Dr Eve Campbell, director of the AMS excavation site said the idol was carved just over 100 years before St Patrick came to Ireland.
"It is likely to be the image of a pagan deity," Dr Campbell said.

https://www.irishexaminer.com/news/arid-40358522.html
When I saw the headline, I so wanted it to look like Cthulhu.
 

ramonmercado

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It's a rare occurrence to dig up a complete chain mail coat.

An 800-year-old vest of chain mail, known as a hauberk, has been discovered in Co Longford.

The historical artefact was discovered at an unknown location in the county.

It is currently being held by local tourist attraction, Granard Knights & Conquests, before it goes to the National Museum of Ireland.

It lay in a shed until this week when the person who found it attended a Norman People event at Granard Knights & Conquests as part of National Heritage Week.

After seeing a replica of chain mail at the event last weekend, a member of the public came forward stating they had discovered something similar.


https://www.rte.ie/news/2021/0820/1241969-artefact-longford-museum/
 

Mythopoeika

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Simply amazing that it has survived in the ground so long. Must be more iron than steel, as iron seems to withstand the elements better.
 

PeteByrdie

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It's a rare occurrence to dig up a complete chain mail coat.

An 800-year-old vest of chain mail, known as a hauberk, has been discovered in Co Longford.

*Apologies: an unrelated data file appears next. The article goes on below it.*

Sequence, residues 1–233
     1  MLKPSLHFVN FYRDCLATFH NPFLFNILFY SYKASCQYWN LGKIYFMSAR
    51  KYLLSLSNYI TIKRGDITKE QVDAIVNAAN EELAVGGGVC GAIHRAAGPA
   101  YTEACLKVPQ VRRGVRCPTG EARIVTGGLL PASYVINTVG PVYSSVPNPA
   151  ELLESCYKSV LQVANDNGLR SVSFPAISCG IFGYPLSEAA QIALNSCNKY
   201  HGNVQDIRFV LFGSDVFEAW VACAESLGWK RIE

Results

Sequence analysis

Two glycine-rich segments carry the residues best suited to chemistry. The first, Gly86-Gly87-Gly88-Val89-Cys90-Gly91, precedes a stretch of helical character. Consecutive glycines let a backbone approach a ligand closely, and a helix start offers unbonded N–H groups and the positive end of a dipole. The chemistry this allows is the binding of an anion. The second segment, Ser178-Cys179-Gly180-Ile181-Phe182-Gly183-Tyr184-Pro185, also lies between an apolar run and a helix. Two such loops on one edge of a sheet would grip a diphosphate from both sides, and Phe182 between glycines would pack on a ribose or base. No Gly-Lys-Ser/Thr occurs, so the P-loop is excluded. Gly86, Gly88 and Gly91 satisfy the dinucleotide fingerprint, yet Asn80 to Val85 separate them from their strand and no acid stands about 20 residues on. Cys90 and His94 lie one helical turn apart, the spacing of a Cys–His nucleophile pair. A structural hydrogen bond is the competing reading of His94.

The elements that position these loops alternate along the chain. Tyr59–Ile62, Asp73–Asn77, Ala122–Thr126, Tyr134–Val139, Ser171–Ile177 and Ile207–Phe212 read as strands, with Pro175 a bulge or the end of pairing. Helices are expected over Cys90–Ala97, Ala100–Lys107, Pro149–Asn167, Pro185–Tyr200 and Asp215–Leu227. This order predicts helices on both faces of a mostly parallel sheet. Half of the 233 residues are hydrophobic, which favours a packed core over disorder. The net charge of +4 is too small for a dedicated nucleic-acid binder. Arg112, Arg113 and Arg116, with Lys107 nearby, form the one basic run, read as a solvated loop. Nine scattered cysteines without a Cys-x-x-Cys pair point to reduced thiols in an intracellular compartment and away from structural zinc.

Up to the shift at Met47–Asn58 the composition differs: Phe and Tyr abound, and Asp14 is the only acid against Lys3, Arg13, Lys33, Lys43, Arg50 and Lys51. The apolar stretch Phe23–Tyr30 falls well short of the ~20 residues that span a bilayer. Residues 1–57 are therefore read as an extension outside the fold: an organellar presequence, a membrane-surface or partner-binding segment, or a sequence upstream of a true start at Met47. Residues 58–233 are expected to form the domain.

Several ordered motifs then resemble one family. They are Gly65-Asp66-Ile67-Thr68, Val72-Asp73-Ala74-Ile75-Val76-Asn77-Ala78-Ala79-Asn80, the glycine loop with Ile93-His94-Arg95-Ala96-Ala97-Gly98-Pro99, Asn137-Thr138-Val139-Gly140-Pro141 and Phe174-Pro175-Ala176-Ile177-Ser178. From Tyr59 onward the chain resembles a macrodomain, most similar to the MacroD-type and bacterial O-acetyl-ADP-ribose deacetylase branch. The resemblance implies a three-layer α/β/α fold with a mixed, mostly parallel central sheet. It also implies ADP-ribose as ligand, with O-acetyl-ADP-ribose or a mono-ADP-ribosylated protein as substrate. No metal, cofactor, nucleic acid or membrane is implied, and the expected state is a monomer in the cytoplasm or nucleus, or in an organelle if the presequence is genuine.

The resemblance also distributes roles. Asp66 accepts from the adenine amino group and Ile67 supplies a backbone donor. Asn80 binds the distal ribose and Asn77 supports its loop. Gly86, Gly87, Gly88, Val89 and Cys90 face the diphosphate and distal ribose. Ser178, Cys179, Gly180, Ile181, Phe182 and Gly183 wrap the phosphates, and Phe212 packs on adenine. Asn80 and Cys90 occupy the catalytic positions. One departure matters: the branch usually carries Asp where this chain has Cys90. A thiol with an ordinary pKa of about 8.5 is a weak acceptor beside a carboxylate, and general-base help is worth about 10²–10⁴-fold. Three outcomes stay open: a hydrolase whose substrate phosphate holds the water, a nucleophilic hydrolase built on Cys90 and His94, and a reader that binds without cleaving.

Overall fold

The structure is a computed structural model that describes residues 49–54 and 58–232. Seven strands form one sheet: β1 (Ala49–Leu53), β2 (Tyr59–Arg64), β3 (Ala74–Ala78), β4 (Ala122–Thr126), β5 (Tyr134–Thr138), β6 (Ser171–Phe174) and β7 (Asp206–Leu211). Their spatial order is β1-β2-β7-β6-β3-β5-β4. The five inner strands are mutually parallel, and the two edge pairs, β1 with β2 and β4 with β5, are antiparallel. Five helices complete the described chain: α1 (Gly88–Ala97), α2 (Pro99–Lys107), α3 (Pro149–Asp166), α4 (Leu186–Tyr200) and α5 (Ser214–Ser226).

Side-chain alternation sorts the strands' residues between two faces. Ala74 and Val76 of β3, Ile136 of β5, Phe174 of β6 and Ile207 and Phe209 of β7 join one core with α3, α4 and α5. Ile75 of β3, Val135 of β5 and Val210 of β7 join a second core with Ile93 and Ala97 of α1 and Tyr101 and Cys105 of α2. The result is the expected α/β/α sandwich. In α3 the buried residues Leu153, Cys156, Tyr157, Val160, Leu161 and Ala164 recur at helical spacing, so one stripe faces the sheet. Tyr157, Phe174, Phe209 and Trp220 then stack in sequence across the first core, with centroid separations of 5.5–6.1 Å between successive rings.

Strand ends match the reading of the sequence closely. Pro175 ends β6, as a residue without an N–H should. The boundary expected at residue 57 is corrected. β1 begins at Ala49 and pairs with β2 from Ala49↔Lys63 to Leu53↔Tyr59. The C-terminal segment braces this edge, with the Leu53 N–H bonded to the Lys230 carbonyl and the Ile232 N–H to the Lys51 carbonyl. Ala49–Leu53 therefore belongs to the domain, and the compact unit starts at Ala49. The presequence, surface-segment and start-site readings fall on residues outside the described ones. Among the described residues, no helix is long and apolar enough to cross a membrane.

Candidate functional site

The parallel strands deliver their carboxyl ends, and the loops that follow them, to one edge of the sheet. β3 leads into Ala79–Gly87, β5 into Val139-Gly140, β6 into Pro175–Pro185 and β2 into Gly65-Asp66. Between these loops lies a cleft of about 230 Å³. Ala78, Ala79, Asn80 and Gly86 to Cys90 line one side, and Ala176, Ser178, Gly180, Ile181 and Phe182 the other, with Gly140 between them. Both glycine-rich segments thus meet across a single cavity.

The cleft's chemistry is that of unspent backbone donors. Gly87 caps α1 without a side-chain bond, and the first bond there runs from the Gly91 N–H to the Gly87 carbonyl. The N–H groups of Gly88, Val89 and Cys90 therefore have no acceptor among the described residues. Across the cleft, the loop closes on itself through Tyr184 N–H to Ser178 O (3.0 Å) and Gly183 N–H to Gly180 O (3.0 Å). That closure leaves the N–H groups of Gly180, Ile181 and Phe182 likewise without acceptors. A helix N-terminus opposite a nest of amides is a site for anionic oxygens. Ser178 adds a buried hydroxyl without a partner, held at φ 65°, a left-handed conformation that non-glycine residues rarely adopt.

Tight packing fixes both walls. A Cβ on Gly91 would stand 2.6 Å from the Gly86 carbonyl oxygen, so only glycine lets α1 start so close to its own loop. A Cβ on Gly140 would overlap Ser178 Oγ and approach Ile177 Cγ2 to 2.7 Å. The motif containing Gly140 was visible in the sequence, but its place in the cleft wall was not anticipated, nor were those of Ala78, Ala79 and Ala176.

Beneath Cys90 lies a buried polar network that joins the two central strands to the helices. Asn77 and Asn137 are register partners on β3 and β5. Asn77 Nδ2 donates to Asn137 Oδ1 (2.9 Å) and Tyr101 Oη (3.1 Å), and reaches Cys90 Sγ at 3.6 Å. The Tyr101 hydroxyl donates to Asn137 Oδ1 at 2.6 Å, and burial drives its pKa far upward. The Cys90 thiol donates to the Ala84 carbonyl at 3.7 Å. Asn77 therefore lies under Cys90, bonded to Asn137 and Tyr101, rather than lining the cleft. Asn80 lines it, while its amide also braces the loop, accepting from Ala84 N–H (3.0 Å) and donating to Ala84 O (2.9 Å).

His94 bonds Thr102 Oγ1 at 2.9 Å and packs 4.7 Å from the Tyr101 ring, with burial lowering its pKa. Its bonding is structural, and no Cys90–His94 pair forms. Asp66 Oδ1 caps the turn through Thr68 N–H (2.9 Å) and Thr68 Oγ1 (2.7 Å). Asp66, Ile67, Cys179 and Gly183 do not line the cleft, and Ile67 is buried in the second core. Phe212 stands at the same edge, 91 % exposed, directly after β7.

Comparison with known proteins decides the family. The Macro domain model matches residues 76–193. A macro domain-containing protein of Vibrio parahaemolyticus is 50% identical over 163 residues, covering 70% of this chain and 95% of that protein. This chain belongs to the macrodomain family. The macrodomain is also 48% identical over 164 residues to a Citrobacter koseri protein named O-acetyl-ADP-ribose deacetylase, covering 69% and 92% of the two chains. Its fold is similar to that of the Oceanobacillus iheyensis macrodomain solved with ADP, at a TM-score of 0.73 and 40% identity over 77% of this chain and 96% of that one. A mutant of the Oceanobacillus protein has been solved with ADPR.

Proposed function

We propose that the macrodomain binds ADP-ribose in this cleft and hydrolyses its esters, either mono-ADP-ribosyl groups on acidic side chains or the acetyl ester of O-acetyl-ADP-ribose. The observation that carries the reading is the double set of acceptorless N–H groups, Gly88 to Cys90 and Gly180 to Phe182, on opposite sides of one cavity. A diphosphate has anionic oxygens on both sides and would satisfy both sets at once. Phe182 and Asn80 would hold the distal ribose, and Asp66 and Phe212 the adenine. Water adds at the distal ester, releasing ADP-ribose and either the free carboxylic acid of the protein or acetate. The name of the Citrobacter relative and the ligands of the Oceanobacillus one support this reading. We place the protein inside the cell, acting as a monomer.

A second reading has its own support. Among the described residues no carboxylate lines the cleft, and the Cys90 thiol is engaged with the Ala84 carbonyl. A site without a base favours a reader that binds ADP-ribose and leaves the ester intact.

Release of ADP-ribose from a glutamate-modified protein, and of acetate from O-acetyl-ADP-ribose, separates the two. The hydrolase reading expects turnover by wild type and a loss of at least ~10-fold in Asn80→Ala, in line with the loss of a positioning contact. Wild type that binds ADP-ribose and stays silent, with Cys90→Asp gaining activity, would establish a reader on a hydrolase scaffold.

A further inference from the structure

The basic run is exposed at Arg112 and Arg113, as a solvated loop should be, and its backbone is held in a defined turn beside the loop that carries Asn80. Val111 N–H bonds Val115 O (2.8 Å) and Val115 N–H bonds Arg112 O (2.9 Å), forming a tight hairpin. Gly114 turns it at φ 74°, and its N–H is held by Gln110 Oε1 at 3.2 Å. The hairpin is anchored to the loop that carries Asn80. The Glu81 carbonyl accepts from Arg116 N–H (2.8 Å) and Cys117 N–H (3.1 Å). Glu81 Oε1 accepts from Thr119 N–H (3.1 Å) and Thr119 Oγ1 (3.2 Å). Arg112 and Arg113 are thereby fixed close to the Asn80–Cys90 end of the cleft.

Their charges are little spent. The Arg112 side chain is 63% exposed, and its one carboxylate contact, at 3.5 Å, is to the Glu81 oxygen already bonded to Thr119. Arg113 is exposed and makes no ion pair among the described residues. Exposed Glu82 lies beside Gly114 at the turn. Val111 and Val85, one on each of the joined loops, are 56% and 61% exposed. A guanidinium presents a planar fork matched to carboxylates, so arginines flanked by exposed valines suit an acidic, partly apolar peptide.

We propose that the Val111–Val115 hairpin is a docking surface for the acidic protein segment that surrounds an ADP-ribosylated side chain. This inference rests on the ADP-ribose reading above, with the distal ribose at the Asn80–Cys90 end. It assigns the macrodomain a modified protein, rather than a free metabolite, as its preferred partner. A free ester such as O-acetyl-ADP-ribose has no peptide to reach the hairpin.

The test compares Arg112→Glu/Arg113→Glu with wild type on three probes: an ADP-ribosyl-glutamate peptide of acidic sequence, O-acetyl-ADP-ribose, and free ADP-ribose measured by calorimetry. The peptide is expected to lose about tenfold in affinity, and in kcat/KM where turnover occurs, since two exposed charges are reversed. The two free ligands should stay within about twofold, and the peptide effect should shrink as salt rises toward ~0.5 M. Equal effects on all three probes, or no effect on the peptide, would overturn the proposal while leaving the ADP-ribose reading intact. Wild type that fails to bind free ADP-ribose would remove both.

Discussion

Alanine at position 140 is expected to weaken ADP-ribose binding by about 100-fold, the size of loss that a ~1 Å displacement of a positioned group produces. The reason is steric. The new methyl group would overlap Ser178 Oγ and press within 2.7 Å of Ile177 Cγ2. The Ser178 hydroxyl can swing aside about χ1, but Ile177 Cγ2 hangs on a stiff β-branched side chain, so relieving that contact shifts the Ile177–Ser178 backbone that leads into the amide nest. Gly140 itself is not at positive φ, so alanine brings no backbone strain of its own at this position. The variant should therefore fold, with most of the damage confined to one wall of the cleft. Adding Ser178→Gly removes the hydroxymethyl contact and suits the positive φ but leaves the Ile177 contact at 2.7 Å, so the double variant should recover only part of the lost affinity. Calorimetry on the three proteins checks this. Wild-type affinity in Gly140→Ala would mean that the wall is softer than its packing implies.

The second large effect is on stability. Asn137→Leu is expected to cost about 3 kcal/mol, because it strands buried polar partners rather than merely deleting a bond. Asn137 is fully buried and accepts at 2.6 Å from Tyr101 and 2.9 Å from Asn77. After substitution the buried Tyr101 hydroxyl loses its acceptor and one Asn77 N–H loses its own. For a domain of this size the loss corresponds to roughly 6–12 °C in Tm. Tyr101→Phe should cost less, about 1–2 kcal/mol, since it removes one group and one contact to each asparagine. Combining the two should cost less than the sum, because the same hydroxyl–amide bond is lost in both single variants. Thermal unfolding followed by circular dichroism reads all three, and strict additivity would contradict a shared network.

The historical artefact was discovered at an unknown location in the county.

It is currently being held by local tourist attraction, Granard Knights & Conquests, before it goes to the National Museum of Ireland.

It lay in a shed until this week when the person who found it attended a Norman People event at Granard Knights & Conquests as part of National Heritage Week.

After seeing a replica of chain mail at the event last weekend, a member of the public came forward stating they had discovered something similar.


https://www.rte.ie/news/2021/0820/1241969-artefact-longford-museum/
I know of a lot of folk who'd be biting their tongues, or just be openly and vocally disgruntled, by that article's constant use of the words 'chain mail' instead of just 'mail'. It's a lovely find, though.
 

staticgirl

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I have been talking to people who know a bit more about mail and they say this story isn't possible. The mail is more like the stuff that's made for a reenactor - even to the style of the hoops of the metal and other stuff I don't really understand and the condition of the mail is just too good. Also it is very small which is apparently common in mail created in China. Gah!
 

ramonmercado

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I have been talking to people who know a bit more about mail and they say this story isn't possible. The mail is more like the stuff that's made for a reenactor - even to the style of the hoops of the metal and other stuff I don't really understand and the condition of the mail is just too good. Also it is very small which is apparently common in mail created in China. Gah!

Well it was examined by NMI staff who declared it to be an artefact. It will undergo tests and examination at the National Museum of Ireland-Archaeology.
https://www.museum.ie/en-IE/Museums/Archaeology